When I got out of engineering school, it was natural to take the competitive, intellectually show-offy mindset we all had in college into the workplace. I was developing software, and so there were constant battles to discuss how to design a certain piece of code or construct a test scenario. I remember these times fondly. The arguments were loud but respectful, and it seemed most of the time the right answer came out of them.
Then I got into management, and gradually it seemed that the competitive mindset that had worked so well for me as a technician wasn’t as useful. Arguments got bound up in power dynamics, and I ran into countless examples of unproductive rivalry among groups in the same company. “If only we fought the competition with the intensity we use to fight amongst ourselves…”
So I began to value collegiality, consensus, and getting along. It seemed if you were a senior leader you had a duty to be a team player. Of course conflicts played out, but they were behind the scenes, not discussed in the meeting but in the “meeting after the meeting.” Looking back on it, though the pay was good, it wasn’t nearly as much fun as arguing with John Cooper in front of a white board over a payment-assessment algorithm.
So when I read “The Right Fight: How Great Leaders Use Healthy Conflict to Drive Performance, Innovation, and Value,” by Saj-nicole Joni and Damon Beyer, it made me wish it had come out ten years earlier. Far from seeing conflict as vice and consensus as virtue, Joni and Beyer make the strong case that without conflict organizations cannot thrive and, furthermore, that management can create the right conditions for productive conflict.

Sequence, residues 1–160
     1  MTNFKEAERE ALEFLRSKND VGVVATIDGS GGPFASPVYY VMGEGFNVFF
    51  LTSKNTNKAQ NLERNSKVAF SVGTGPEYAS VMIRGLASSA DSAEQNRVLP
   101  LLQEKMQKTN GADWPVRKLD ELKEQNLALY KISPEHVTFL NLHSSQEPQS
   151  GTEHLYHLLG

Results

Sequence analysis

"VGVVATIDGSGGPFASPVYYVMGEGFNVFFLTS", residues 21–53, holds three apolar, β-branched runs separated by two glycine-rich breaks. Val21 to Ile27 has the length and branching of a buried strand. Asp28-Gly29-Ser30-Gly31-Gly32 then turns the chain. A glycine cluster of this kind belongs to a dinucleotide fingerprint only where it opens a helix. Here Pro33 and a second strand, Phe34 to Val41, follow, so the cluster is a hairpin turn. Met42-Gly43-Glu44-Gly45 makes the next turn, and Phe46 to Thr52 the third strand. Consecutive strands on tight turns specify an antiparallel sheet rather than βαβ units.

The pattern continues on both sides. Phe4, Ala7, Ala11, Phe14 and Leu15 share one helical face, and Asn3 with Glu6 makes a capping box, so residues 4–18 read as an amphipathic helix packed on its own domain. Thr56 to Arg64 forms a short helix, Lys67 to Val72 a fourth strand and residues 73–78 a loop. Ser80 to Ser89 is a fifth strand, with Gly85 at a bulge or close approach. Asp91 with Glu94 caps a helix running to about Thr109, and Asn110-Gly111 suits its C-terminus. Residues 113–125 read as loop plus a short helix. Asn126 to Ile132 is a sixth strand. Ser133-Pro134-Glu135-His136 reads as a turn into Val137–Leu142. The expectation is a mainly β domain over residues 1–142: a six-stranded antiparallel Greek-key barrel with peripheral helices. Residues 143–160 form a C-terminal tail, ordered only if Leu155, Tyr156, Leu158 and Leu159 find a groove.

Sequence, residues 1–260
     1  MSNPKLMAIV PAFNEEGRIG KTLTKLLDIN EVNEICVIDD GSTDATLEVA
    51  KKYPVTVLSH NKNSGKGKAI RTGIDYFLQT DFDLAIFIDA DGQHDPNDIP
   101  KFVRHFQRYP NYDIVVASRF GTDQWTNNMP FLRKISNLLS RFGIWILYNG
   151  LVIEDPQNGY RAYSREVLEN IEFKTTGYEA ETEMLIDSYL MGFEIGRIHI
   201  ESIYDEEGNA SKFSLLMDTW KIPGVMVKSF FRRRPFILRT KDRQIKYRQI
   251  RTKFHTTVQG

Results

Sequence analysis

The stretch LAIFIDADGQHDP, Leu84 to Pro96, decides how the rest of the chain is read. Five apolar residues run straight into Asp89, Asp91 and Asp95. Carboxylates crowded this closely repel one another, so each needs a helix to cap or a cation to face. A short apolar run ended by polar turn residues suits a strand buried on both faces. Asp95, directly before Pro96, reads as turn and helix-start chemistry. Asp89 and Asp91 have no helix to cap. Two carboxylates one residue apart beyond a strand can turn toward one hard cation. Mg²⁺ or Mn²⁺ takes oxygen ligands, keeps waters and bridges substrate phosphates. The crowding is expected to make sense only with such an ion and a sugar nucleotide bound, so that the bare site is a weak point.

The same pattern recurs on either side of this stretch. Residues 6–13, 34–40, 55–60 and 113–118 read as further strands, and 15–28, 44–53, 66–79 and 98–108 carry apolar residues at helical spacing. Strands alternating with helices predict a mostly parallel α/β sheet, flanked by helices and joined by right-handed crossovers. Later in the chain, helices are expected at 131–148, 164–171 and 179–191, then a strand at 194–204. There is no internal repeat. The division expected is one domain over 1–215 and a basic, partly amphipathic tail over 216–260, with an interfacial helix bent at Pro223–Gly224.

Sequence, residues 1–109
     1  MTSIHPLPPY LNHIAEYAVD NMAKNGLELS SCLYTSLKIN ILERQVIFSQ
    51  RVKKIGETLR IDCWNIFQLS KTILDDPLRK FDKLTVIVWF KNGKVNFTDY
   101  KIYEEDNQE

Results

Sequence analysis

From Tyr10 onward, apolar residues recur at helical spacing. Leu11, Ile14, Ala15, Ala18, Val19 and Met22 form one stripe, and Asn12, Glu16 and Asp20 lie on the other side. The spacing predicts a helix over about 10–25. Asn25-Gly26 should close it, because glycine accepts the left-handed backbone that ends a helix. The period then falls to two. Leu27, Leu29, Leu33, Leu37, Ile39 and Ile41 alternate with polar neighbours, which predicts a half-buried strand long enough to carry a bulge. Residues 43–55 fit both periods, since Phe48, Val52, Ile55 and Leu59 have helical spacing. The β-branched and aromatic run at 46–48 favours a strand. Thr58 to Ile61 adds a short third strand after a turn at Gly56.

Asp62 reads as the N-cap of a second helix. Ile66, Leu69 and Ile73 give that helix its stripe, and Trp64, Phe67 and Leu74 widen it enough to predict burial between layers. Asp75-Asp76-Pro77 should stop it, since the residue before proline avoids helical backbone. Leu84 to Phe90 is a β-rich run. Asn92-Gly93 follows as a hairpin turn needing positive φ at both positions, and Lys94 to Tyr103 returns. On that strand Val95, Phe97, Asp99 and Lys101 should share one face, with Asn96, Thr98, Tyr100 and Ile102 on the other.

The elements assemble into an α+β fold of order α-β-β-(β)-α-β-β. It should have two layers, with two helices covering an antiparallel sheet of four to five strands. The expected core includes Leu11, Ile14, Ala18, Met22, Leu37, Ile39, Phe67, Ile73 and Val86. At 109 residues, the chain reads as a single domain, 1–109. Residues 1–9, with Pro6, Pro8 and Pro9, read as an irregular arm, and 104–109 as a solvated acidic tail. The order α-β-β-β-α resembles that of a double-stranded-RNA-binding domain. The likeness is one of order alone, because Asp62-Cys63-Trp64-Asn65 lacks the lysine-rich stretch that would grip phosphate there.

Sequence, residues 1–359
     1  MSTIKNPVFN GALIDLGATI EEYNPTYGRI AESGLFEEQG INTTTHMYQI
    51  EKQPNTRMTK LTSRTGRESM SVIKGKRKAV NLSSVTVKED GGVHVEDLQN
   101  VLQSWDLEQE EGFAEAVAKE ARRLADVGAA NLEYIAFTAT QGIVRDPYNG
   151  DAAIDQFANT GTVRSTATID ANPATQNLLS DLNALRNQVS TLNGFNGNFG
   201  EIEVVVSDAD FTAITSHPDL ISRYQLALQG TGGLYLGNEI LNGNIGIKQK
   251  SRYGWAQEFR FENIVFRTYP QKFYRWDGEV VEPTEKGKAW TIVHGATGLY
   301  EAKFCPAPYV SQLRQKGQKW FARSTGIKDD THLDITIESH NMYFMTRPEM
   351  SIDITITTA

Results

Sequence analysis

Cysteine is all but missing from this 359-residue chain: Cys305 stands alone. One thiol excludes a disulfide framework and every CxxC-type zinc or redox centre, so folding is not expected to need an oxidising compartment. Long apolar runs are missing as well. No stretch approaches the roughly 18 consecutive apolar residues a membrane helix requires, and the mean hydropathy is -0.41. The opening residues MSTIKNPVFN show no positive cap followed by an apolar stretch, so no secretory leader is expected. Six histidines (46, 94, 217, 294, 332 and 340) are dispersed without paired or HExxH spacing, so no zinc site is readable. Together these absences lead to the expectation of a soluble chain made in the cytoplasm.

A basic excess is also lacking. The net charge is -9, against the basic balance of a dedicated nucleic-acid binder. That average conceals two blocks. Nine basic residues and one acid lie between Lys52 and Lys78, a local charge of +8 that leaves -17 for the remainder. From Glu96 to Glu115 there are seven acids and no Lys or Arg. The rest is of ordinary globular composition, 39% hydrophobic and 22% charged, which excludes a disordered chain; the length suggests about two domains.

One reason to shy away from conflict is the cost of being on the losing end of the battle. Joni and Beyer maintain that effective leaders create fairly-judged fights where misbehavior is punished and losers are given seats at the table and appreciated for their efforts. Most importantly, perhaps, the fights need to be about issues vital to the firm. The authors boil these ideas down into six principles:
Picking the Right Fights:
1. Make It Material
2. Focus on the Future, not the Past
3. Pursue a Noble Purpose
Right Fight Discipline:
4. Make It Sport, not War
5, Structure Formally, Work Informally
6. Turn Pain into Gain
It’s an important book on an overlooked (you might say “out of favor”) topic. But that’s what makes it worth reading right now. If all our company’s alignment and consensus is still leaving us underperforming, perhaps it’s time to start scrapping again.